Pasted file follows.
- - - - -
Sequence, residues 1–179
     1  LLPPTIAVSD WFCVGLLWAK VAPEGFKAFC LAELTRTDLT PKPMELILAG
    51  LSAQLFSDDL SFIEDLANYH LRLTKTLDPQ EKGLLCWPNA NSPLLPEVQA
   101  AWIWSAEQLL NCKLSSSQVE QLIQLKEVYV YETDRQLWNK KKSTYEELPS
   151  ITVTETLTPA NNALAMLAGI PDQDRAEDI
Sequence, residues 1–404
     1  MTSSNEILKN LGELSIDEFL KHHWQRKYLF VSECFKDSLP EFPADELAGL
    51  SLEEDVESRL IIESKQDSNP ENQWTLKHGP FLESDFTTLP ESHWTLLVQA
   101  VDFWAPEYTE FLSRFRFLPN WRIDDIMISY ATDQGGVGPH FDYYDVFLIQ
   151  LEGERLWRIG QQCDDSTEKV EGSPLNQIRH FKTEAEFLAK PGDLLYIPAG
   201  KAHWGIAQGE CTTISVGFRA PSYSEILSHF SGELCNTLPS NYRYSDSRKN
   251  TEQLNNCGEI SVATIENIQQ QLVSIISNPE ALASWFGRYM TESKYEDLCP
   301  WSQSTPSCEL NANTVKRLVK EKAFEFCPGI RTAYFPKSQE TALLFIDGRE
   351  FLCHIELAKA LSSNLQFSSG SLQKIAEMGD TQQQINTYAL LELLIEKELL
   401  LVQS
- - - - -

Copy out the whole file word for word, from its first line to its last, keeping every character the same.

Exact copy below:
Sequence, residues 1–179
     1  LLPPTIAVSD WFCVGLLWAK VAPEGFKAFC LAELTRTDLT PKPMELILAG
    51  LSAQLFSDDL SFIEDLANYH LRLTKTLDPQ EKGLLCWPNA NSPLLPEVQA
   101  AWIWSAEQLL NCKLSSSQVE QLIQLKEVYV YETDRQLWNK KKSTYEELPS
   151  ITVTETLTPA NNALAMLAGI PDQDRAEDI
Sequence, residues 1–404
     1  MTSSNEILKN LGELSIDEFL KHHWQRKYLF VSECFKDSLP EFPADELAGL
    51  SLEEDVESRL IIESKQDSNP ENQWTLKHGP FLESDFTTLP ESHWTLLVQA
   101  VDFWAPEYTE FLSRFRFLPN WRIDDIMISY ATDQGGVGPH FDYYDVFLIQ
   151  LEGERLWRIG QQCDDSTEKV EGSPLNQIRH FKTEAEFLAK PGDLLYIPAG
   201  KAHWGIAQGE CTTISVGFRA PSYSEILSHF SGELCNTLPS NYRYSDSRKN
   251  TEQLNNCGEI SVATIENIQQ QLVSIISNPE ALASWFGRYM TESKYEDLCP
   301  WSQSTPSCEL NANTVKRLVK EKAFEFCPGI RTAYFPKSQE TALLFIDGRE
   351  FLCHIELAKA LSSNLQFSSG SLQKIAEMGD TQQQINTYAL LELLIEKELL
   401  LVQS